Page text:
Cold sores may be a nuisance this time of year, but two University researchers are working on putting the herpes simplex virus — the culprit behind cold sores — to better use.
The husband-and-wife team of Neurology Profs. David Fink and Marina Mata are looking into ways that a modified strain of HSV might help patients suffering from chronic pain associated with nerve damage.
Fink said the project used a herpes simplex viral vector to carry genes to malfunctioning sensory nerves that continue to signal pain despite the lack of other tissue injury.
Also the chair of the Department of Neurology, Fink said the human nervous system carries electrical signals for pain along a specific pathway connecting pain-sensing nerve endings to the brain. Conventional pain treatments rely on opiates like morphine to interact with opiate receptors along this pathway, thereby inhibiting the brain’s perception of pain.
The problem, Fink said, is that “opiate receptors are found in a lot of places,” not just along the pain pathway or in the nervous system. The presence of opiate receptors in other areas of the body is one reason opiate-based treatment of pain results in side effects that limit the dosages clinicians can use, he said.
Fink added that the gene therapy approach his laboratory is developing may offer a more effective alternative pain treatment, avoiding the side effects associated with opiate treatments. Since HSV naturally possesses the capacity and mechanisms necessary for transmitting genetic information to targeted cell types, Fink said that the virus is a well-suited vector for the study.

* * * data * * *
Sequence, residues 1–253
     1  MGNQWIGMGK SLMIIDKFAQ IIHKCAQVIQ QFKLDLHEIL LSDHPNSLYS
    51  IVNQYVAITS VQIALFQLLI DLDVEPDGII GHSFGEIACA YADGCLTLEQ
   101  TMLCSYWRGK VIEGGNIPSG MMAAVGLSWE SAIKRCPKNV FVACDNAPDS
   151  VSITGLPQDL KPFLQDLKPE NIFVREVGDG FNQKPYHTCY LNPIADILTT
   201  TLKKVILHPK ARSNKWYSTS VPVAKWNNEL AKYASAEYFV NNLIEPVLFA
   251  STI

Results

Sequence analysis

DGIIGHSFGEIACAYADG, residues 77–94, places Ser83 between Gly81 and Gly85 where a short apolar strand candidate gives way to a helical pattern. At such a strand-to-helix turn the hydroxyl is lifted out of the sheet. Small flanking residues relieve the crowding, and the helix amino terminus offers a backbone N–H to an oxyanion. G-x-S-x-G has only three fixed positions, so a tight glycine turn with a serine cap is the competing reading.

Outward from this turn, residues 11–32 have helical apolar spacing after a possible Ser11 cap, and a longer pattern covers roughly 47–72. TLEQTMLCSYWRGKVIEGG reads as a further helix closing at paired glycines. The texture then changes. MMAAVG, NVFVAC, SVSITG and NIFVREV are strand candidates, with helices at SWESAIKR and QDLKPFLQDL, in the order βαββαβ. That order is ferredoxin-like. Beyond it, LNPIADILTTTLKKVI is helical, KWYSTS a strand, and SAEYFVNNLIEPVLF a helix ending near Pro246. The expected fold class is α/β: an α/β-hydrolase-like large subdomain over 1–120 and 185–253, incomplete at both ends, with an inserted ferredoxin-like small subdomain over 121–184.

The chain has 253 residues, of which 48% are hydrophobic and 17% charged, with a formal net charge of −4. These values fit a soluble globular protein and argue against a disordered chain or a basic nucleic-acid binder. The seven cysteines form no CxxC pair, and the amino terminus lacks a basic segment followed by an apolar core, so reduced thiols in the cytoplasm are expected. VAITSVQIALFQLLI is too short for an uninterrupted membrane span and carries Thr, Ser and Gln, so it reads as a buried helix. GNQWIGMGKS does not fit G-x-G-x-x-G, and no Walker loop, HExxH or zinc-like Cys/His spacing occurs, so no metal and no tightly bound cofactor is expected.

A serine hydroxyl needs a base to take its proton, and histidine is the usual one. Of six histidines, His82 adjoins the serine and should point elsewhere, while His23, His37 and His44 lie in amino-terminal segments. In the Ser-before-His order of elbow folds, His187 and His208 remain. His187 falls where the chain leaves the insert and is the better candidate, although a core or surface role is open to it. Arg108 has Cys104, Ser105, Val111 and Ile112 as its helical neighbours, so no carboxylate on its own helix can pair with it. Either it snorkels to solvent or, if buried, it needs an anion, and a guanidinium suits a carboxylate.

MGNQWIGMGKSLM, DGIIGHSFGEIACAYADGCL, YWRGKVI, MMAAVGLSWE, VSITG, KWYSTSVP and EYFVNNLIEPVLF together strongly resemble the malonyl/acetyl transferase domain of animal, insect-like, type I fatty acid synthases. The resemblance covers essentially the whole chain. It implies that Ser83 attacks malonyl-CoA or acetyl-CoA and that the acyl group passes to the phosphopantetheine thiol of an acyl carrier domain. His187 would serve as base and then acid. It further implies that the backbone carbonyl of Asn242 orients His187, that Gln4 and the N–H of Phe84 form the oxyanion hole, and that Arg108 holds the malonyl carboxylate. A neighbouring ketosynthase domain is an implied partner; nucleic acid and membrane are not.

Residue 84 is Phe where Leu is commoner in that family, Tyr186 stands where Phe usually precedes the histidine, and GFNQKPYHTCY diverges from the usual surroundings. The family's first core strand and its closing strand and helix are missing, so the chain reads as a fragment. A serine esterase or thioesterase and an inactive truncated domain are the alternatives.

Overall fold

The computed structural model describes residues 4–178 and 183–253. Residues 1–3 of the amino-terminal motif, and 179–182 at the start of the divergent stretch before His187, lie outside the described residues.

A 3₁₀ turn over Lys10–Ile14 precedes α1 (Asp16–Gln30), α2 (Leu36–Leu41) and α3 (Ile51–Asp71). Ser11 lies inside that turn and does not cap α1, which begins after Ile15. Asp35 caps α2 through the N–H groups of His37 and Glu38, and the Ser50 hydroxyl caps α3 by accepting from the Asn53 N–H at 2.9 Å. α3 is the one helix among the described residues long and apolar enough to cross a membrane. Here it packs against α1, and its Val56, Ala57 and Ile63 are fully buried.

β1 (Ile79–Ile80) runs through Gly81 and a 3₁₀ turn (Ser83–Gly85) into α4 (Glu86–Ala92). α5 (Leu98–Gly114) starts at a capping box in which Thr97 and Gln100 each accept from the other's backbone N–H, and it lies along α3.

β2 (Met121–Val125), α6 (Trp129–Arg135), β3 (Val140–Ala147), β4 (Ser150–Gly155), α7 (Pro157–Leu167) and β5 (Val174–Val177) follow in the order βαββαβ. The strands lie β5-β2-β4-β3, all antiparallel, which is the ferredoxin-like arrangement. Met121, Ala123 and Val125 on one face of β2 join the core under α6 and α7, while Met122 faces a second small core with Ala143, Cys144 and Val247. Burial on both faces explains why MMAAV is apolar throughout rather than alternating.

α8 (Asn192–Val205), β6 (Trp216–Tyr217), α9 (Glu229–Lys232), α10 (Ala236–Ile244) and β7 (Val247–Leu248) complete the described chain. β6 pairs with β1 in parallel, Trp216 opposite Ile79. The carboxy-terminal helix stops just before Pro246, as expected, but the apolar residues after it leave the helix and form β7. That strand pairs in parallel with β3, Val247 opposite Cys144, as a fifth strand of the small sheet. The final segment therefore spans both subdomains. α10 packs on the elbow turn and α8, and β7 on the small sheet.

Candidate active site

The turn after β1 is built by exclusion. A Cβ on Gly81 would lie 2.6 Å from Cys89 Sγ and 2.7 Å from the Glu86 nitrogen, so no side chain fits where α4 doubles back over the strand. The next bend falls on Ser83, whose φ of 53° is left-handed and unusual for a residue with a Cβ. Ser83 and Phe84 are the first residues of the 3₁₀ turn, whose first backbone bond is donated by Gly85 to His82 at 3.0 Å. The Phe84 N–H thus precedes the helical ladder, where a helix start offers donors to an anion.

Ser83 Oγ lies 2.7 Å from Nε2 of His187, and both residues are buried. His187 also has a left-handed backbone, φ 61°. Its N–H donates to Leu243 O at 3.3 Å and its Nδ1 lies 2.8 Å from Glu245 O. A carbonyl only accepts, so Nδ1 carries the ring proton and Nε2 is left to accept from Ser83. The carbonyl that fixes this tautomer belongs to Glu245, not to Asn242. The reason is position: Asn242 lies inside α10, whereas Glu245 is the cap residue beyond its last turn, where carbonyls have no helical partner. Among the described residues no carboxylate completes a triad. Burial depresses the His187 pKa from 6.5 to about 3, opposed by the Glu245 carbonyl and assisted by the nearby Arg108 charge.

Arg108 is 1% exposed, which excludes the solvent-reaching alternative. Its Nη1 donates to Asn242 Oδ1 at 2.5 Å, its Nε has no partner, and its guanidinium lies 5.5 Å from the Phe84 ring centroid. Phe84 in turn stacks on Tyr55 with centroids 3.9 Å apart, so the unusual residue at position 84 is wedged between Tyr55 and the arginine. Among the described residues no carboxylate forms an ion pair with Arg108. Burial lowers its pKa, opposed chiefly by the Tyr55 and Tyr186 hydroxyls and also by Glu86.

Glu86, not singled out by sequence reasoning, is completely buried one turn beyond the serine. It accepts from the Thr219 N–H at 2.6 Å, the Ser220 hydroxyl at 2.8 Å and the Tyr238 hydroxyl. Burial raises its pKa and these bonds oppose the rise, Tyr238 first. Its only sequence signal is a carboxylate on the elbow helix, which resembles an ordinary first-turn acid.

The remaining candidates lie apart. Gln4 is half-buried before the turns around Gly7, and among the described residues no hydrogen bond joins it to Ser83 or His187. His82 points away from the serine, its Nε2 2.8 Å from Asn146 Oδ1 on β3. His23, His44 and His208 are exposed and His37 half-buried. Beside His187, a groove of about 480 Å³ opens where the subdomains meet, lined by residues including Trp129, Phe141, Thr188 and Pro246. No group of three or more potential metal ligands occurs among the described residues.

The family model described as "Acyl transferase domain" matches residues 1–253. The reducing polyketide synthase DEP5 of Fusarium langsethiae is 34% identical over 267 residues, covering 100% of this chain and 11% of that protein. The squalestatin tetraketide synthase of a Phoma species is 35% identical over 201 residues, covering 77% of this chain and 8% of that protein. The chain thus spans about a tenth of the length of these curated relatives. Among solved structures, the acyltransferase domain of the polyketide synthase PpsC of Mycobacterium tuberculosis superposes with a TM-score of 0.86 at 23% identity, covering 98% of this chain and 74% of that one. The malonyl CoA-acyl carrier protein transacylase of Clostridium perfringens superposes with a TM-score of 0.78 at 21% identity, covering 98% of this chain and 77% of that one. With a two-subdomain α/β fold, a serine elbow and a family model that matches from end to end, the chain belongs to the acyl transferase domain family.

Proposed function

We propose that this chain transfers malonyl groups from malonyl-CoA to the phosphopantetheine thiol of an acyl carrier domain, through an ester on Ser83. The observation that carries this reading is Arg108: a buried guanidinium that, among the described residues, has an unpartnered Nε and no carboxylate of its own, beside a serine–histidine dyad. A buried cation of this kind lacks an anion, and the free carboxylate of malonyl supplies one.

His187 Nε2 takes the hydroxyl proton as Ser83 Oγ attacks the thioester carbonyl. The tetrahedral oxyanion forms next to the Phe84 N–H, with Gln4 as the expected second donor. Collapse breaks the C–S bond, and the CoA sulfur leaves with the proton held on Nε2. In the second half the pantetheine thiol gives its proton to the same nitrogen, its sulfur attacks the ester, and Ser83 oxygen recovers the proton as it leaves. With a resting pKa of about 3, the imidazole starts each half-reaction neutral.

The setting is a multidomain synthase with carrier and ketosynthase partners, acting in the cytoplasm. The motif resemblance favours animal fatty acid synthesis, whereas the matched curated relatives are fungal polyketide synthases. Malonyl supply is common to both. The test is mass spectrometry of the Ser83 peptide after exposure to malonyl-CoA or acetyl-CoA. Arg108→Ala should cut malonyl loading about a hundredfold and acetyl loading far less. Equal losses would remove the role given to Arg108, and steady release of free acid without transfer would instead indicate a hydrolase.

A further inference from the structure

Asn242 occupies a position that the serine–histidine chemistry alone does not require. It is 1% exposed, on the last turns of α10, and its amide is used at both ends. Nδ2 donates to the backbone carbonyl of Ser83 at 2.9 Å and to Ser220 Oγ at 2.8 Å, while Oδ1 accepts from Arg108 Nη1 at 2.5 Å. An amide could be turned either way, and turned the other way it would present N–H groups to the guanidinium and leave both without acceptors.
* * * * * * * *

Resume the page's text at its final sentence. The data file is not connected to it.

The Department of Veterans Affairs awarded a $1.8 million grant early last month to fund the HSV research.
Fink said pharmaceutical companies and start-up firms — not grants — are usually the sources of funding for such undertakings. He said the new grant will fund the production of a human-grade herpes simplex vector, which is essential for testing the gene-transfer pain therapy in clinical trials involving human patients.
“The start-ups are ideally suited for novel work but have limited resources, while the pharmaceutical companies are typically more risk-averse,” Fink said.
But in the current economic environment, he said, pharmaceutical corporations have become even more cautious about funding innovative research. In light of the hesitation from pharmaceuticals, Fink said, grants specifically intended to fund translational research to produce certified human-grade vectors are critical to advancing new medical research.